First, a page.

He eventually became a fully free-roaming foster kitten. The first time we tried that, we found that he wasn’t able to climb our cats’ litter box, nor did he want to use the covered litter box in the foster lounge, or our cats’ other one in our bathroom (he doesn’t like to get his feet wet), so we had to pen him again – he was withholding peeing and pooing because he couldn’t get used to the litter boxes outside. By the time we tried again later on, we observed him and noticed that he was so much better and could climb in and out of our cats’ rather high-walled litter box.
We observed his gait and mobility even further. While he cannot leap to great heights, he has no problem going up lower heights. He can climb on the sofa. He can climb to our bed. He can even climb on our table (the only table cats are allowed on in the house). But one thing remains – he cannot always land on his feet like normal cats. At first he didn’t realise that, but now he knows his disability, and lowers himself off our bed by using the surrounding ducting as stairs or off the table by stepping on a chair first.
We also planned for Bob’s kitten booster vaccinations and sterilisation. Ami had Bob tested for FIV/FELV when he was first rescued – he is negative. But he would still need to be vaccinated before adoption, and he was going to mature soon so we would need to plan his sterilisation.
Dr Poon and Dr Chong both agreed that Bob would need only half a dose of the usual booster. We brought Bob to see Dr Chong for his booster jab in February (1st vaccination was sponsored by Sarah) and his second booster on 23 March, where he got vet checks at the same time. Dr Chong noted that his gait and motor control keeps on improving – we were so happy that Bob kept on getting so much better!
|Bob at clinic after first booster and another vet-check|
Bob’s Kitty-Bio and Personality:
Bob is a white and tabby cat with a bobtail, hence his name. He is a very affectionate kitty who purrs non-stop when given attention, loves to sleep next to us, rub us up (and his good friend, our youngest cat Sealy) and absolutely loves hugs and cuddles. He is also vocal and loves to talk to us, in a sing-song chirruppy meow. He enjoys kitty play but prefers most of all to lounge around and sit by us. He is currently 6 months old.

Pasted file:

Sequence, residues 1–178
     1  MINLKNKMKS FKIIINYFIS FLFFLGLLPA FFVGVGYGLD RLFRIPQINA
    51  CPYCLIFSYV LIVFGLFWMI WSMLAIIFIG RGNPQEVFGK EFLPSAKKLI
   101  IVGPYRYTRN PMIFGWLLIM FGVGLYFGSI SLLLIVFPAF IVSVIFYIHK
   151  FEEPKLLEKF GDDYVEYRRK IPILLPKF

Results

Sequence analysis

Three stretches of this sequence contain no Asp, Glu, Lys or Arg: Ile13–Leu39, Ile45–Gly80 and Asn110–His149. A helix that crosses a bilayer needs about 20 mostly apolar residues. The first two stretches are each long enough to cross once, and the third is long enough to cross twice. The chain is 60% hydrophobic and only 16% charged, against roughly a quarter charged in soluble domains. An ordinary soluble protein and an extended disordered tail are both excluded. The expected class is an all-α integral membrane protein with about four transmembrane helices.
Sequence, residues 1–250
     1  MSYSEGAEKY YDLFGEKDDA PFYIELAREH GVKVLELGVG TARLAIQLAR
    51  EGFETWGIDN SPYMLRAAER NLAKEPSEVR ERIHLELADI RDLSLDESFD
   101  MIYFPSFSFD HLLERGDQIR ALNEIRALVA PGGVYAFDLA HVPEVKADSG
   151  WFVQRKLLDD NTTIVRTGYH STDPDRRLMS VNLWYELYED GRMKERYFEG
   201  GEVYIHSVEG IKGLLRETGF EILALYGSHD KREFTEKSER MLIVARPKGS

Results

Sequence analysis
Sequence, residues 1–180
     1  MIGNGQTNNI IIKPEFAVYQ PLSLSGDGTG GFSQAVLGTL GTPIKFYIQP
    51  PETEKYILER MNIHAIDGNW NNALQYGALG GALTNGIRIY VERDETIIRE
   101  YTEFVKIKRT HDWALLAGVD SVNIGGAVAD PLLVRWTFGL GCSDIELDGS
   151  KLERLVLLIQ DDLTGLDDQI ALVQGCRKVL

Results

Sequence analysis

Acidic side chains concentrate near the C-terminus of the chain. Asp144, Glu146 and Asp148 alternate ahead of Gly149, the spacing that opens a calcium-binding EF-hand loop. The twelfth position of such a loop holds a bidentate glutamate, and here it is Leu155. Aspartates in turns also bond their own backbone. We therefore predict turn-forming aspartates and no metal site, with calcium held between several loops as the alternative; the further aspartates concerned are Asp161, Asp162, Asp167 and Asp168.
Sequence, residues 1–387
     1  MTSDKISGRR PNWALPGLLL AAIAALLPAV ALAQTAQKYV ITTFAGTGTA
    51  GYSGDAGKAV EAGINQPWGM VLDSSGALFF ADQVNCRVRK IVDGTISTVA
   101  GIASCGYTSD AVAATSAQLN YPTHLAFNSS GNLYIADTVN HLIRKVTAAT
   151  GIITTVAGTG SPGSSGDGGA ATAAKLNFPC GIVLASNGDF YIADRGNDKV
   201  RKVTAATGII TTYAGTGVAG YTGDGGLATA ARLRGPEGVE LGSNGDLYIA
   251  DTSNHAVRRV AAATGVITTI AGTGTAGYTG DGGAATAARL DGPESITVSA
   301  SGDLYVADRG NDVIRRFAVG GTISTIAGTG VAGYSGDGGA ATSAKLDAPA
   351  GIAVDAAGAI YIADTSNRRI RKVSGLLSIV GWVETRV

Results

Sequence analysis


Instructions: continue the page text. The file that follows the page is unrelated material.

Here are some latest pictures of Bob, taken by Furry Photos.
Bob is currently eating Taste of the Wild, and is able to drink water on his own. He has been dewormed and is currently on Revolution Pink. He is litter-trained – but does not like covered litter boxes or litter boxes placed on wet bathroom floors. He does not need to be carried to the litter box and can access it on his own.
How different does he behave compared to a normal kitty? He is like a normal kitten except for the fact that he does not know how to land on his feet extremely well. He also doesn’t do much jumping, though he can climb low heights Other than that, he is totally like a normal cat.
He does not need further mandatory acupuncture, massages or supplements for his nerve condition and has received both kitten booster vaccinations for the year. He needs to be sterilised at a later date than other kittens. His sterilisation operation by attending vet Dr Dawn Chong at The Animal Clinic Katong is currently booked on 4 May 2011.
To adopt Bob, read here: we will need to know more about you via our adopters’ questionnaire, and for you to read our adoption contract and fees. When you share with us your answers to our questionnaire you can also feel free to ask us any questions regarding Bob, his current needs or his history. Thereafter we can arrange for you and your family to visit Bob at our foster home!